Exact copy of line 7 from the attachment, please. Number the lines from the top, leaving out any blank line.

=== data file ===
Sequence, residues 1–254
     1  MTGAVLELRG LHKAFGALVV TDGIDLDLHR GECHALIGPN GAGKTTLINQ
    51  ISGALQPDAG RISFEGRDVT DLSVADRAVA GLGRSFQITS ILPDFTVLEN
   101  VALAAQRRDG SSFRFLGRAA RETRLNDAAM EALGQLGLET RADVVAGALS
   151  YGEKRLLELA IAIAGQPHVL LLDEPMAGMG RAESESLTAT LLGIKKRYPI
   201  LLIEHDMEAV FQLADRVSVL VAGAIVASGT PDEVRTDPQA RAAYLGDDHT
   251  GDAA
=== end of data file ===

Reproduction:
   251  GDAA